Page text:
wedding wish-list

Why I chose a green wedding, recommended by a Kannada writer in 1966

The ‘Mantra Mangalya’ recommends a union without rituals, hymns or lavish celebrations

Marriage ceremonies in India have become synonymous with extravagance and archaic rituals. Of course, weddings are a time for celebration, but is it possible any longer to celebrate in a simple and meaningful way? I found my answer in a short book named Mantra Mangalya, penned by Kuvempu in 1966, on the occasion of his son Poornachandra Tejaswi’s wedding. Even after half a century, his timeless advice still felt relevant.

The Kannada writer Kuvempu, as he was known by his pen name, was a thinker ahead of his time. Almost each one of his literary works carries a liberal message. The Mantra Mangalya, in particular, was written to encourage mutual values of respect and equality between couples.

According to the Mantra Mangalya’s way of doing things, weddings should be simple, cost hardly any money, and be environmentally friendly – something which the lavish weddings of today lack.

My introduction to Kuvempu’s liberal vision came in a rather contorted way. Despite the fact that some of his writing and poetry were taught in school, much of what i learnt from them came from outside the school premises. I had grown up to my mother reading stories written in Kannada, usually by KP Poornachandra Tejaswi. Tejaswi was Kuvempu’s son and a literary heavyweight himself. Like his father’s writing, Tejaswi’s work was also socially-committed. The way of life he sketched out was non-conformist, progressive, or rebellious, depending on how one perceived it.

When I was still in high school, my mother was reading Tejaswi’s Annana Nenapu, or Memories of My Father. She finished a chapter in which Tejaswi described his wedding – conducted in accordance with the simple and meaningful celebration that Kuvempu prescribed. As she put the book down, she said, “We would be immensely proud if you married this way.”

Tejaswi had married his wife Rajeshwari, sans all rituals. The ceremony was conducted in their house, the only hymns recited were from the Mantra Mangalya. A sample of the invitation letter displayed the same sense of brevity and simplicity. I had never imagined that half a century since the book was written, my wife Vidisha and I would follow the footsteps of Tejaswi.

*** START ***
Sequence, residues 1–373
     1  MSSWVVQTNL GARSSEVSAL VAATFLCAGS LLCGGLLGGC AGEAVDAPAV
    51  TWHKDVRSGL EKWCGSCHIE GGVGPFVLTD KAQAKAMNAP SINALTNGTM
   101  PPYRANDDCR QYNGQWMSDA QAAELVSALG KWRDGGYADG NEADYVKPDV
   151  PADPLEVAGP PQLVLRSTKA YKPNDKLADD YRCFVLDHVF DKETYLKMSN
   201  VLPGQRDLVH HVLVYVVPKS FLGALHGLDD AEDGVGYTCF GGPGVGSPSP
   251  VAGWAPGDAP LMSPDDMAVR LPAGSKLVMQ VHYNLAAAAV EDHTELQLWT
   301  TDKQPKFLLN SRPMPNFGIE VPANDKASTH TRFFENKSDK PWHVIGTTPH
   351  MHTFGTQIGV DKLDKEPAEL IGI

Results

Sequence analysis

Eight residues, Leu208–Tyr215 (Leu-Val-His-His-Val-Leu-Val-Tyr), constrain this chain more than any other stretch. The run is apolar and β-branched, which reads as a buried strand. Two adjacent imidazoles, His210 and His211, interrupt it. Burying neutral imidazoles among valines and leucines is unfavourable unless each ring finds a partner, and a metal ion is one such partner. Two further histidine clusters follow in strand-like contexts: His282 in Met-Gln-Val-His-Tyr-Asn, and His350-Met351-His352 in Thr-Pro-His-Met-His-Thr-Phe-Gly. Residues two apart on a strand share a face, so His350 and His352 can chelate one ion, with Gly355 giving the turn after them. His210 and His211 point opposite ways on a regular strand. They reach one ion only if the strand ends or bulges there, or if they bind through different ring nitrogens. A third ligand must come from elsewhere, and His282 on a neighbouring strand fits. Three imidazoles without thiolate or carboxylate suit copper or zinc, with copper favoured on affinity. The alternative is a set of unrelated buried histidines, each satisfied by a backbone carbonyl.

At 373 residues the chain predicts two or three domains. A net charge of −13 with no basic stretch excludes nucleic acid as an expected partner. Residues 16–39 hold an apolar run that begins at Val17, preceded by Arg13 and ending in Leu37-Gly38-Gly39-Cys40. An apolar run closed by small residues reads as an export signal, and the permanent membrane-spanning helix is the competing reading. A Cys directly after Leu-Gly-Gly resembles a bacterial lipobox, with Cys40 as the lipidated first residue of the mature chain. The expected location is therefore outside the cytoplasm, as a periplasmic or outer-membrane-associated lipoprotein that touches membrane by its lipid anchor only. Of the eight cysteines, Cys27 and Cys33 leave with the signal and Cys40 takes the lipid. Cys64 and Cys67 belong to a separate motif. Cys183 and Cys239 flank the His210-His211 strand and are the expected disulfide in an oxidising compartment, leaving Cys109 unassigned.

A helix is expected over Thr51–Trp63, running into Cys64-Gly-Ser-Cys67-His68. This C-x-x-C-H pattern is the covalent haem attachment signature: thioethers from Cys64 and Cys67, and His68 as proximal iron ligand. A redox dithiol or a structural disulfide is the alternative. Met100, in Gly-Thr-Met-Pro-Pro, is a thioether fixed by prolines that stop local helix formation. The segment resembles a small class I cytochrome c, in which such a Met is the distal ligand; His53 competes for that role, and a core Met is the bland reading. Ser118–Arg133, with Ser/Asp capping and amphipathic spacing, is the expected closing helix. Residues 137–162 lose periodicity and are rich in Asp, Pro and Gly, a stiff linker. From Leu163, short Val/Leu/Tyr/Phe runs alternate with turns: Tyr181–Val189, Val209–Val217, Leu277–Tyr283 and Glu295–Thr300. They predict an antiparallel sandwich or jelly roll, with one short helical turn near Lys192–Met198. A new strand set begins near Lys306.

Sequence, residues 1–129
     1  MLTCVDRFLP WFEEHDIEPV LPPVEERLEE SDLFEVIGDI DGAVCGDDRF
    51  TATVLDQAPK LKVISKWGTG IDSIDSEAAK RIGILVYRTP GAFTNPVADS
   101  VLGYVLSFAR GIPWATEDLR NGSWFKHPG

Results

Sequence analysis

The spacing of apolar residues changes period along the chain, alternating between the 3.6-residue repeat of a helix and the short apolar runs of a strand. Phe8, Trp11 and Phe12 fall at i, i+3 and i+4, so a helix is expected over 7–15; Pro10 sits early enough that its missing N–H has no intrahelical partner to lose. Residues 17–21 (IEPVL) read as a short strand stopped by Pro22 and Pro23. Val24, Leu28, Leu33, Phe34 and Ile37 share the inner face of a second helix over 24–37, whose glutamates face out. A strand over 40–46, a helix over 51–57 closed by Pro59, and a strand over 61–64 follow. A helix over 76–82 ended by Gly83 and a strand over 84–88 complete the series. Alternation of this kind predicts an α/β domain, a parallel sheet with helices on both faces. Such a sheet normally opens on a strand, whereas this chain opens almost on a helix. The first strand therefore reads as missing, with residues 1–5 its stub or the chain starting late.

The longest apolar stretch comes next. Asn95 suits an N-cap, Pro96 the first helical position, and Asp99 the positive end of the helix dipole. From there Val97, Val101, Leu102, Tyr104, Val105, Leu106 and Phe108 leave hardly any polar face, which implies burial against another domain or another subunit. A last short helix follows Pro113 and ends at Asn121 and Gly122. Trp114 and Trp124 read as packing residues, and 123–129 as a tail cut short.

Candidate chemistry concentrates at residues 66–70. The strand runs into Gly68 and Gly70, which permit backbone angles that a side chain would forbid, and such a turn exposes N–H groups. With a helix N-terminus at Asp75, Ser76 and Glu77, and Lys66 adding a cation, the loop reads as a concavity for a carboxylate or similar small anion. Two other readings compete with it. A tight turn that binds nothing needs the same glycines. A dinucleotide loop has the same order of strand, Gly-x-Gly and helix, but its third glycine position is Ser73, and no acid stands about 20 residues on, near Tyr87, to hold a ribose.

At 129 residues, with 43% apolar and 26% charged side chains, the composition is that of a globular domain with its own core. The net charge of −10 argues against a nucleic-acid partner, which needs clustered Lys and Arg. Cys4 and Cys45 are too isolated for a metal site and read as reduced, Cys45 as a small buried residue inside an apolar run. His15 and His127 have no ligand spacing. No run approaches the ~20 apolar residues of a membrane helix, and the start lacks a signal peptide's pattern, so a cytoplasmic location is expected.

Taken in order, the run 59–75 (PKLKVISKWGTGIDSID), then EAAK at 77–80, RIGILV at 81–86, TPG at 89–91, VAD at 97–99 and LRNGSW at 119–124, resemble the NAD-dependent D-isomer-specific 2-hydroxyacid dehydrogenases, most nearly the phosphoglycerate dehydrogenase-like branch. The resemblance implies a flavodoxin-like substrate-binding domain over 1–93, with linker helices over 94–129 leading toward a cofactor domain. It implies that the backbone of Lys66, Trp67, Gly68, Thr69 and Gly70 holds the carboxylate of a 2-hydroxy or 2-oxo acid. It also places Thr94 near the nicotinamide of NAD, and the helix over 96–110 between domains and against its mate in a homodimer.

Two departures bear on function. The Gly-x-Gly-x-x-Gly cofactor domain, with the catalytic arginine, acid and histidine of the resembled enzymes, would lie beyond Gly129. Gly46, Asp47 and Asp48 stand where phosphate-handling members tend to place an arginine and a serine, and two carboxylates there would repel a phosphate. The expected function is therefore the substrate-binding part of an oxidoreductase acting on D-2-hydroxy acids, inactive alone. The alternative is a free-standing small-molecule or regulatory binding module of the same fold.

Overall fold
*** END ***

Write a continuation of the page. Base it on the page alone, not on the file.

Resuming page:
The process was not easy. It almost never is. My parents were already convinced about Mantra Mangalya, but Vidisha was confronted with the considerable task of persuading her parents. Her family was sceptical about the idea of a wedding without rituals, and we were determined to have one without any. Despite everything, we eventually found a middle ground: my soon-to-be in-laws sought a astrologer, and he advised that the wedding be conducted in a temple on a particular day and a particularly auspicious time. They chose the large Nanjanagud Temple near Mysore. We agreed, since the final objective, after all, was to marry each other, whatever the circumstances of the actual wedding may be. On the wedding day, only very few of my closest friends and family knew that I would be marrying Vidisha under a tree in the temple complex.

Even then, things were not easy. First off, the venue was a large temple complex and since we were to be married on a Sunday, thousands of people were milling about in the complex, under our tree, the only Ficus religiosa in the area – famous for the local priest who always sat under its shade.

While I waited, several couples married each other under our tree and left. My bride and her family were nowhere in sight. Assuming that they were inside the temple performing some kind of ritual, I waited beside the tree, on a path named Moksh-marg or the path to Nirvana. As time passed, I began to worry. The numerous phone calls I made went unanswered.

Meanwhile, stuck in a crowded temple, Vidisha’s family members were desperately trying to wedge themselves between devotees trying to catch a glimpse of the stone deity. Eventually, I was informed by one of Vidisha’s relatives, that the venue we had originally chosen was too crowded. We had to go to another one nearby. Tempers flared on both sides and chaos ensued.

Eventually, we reached a new venue and realised what this day had meant to teach us all along: whatever happens is ultimately for the good.